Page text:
Can a defendant be charged guilty in a bench trial if the alleged victim is stating that it did not happen?

UPDATED: Oct 1, 2022

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Can a defendant be charged guilty in a bench trial if the alleged victim is stating that it did not happen?

A defendant has a bench trial for a level a misdemeanor domestic battery. However, the victim is stating that she lied and it never happened and has even written this in a statement for the judge. Is there any way the defendant could still be found guilty at a bench trial? The defendant is on parole and incarcerated with a parole hold so he does not want to plead guilty to something that he didn’t do and risk serving the rest of his parole. The defendant has no violent background. What should we expect at a bench trial for domestic battery? No witnesses but the alleged victim who has stated she lied about it.

Asked on May 21, 2019 under Criminal Law, Indiana


SJZ, Member, New York Bar / FreeAdvice Contributing Attorney

Answered 3 years ago | Contributor

He can be convicted if:
1) There was physical evidence of the attack--e.g. a black eye from a punch; injuries treated by a doctor or ER; etc.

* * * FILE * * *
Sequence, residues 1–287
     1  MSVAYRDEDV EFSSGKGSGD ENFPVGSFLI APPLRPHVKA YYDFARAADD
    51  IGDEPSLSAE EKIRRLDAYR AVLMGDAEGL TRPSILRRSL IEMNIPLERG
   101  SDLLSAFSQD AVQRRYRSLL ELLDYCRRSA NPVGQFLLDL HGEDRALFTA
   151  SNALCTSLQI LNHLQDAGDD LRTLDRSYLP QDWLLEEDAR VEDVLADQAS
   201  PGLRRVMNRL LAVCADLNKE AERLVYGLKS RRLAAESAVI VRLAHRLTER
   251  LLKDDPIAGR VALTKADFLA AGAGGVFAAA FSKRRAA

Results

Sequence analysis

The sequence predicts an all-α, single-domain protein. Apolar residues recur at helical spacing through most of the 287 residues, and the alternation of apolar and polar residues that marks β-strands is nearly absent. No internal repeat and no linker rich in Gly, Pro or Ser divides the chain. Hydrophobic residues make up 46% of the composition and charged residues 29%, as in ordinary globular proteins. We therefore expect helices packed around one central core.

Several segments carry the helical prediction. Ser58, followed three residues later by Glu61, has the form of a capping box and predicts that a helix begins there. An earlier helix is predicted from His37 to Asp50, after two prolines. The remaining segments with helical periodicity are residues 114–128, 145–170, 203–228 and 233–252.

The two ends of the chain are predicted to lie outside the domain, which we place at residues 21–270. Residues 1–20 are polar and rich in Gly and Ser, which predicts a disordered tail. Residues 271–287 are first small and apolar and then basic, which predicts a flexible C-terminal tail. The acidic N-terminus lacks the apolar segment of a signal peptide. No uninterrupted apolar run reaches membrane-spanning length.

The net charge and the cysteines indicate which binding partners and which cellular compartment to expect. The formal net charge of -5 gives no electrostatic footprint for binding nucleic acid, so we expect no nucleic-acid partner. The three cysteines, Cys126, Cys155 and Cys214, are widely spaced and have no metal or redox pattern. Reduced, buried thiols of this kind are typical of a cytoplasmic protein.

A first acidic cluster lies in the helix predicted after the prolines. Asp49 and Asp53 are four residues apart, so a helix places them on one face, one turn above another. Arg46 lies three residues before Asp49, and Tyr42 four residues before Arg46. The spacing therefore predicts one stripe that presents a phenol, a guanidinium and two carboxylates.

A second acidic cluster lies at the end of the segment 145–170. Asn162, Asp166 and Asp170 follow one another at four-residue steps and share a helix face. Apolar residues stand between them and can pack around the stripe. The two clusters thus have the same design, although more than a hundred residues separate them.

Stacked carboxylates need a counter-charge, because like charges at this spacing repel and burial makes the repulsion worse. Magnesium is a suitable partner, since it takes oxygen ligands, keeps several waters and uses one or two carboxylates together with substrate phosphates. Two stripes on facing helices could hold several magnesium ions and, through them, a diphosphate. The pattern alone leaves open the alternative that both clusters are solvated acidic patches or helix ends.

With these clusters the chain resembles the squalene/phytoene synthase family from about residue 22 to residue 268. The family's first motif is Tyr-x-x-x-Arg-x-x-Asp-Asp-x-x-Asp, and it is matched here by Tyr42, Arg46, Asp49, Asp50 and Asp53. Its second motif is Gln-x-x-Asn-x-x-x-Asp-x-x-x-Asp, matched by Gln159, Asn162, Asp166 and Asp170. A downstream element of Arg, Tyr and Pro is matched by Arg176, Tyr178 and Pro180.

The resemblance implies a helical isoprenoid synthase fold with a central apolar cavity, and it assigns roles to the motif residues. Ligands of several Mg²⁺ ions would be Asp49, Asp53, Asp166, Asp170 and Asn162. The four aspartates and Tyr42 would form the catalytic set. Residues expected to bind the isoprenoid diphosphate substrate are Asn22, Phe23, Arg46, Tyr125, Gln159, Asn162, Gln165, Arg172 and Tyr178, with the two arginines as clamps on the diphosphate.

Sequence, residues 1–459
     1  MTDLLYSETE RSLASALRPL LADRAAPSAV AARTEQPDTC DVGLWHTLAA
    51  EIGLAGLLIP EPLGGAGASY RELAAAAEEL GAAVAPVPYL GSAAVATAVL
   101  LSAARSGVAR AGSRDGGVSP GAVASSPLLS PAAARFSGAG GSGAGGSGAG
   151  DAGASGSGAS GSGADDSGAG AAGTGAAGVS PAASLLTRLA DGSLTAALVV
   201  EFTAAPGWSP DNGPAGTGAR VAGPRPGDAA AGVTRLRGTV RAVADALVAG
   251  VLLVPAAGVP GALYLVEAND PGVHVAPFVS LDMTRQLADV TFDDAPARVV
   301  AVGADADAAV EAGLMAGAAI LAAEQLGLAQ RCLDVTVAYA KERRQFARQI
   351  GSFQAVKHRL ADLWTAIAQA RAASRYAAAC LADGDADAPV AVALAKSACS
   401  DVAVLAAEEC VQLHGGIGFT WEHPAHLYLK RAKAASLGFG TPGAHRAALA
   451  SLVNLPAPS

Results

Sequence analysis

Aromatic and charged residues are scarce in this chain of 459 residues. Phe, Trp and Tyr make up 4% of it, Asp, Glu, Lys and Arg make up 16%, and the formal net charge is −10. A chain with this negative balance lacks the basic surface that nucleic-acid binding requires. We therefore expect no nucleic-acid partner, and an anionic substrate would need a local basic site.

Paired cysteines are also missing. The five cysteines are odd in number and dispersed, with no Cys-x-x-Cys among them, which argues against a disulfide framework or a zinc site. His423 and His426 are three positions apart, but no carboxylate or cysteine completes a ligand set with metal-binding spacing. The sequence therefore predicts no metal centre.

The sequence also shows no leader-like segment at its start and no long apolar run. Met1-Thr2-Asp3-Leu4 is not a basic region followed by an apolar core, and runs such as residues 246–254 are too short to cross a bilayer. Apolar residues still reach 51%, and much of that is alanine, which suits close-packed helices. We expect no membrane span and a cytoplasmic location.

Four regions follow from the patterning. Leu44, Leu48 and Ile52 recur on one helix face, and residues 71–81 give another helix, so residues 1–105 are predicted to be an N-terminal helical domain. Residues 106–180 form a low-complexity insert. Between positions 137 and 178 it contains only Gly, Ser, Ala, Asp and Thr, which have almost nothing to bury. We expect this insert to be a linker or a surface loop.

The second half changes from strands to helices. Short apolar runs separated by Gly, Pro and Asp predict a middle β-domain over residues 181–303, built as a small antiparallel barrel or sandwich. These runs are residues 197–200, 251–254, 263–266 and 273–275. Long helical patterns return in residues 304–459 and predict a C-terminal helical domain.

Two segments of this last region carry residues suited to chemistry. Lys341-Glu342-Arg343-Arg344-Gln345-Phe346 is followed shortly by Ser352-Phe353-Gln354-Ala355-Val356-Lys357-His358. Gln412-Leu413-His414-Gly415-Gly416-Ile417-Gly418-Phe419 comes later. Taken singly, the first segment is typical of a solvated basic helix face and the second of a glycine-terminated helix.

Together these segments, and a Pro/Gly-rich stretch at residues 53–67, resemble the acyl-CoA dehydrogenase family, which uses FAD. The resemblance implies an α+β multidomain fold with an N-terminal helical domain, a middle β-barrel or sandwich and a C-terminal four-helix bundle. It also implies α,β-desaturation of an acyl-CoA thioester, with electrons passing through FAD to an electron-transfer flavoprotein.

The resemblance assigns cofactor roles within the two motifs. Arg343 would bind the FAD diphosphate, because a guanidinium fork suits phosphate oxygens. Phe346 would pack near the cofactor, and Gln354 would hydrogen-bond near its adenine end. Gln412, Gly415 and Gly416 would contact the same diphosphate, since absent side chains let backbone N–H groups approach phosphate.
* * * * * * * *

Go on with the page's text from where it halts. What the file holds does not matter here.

2) It appears to the court (i.e. to the judge) that based on her demeanor and answers to questions when when testifying, that the victim is likely lying in court--perhaps out of love, perhaps because she is afraid to tell the truth, etc.--and that her earlier statements that she was assaulted were true. The judge can decide which of her statements are more credible.

IMPORTANT NOTICE: The Answer(s) provided above are for general information only. The attorney providing the answer was not serving as the attorney for the person submitting the question or in any attorney-client relationship with such person. Laws may vary from state to state, and sometimes change. Tiny variations in the facts, or a fact not set forth in a question, often can change a legal outcome or an attorney's conclusion. Although has verified the attorney was admitted to practice law in at least one jurisdiction, he or she may not be authorized to practice law in the jurisdiction referred to in the question, nor is he or she necessarily experienced in the area of the law involved. Unlike the information in the Answer(s) above, upon which you should NOT rely, for personal advice you can rely upon we suggest you retain an attorney to represent you.

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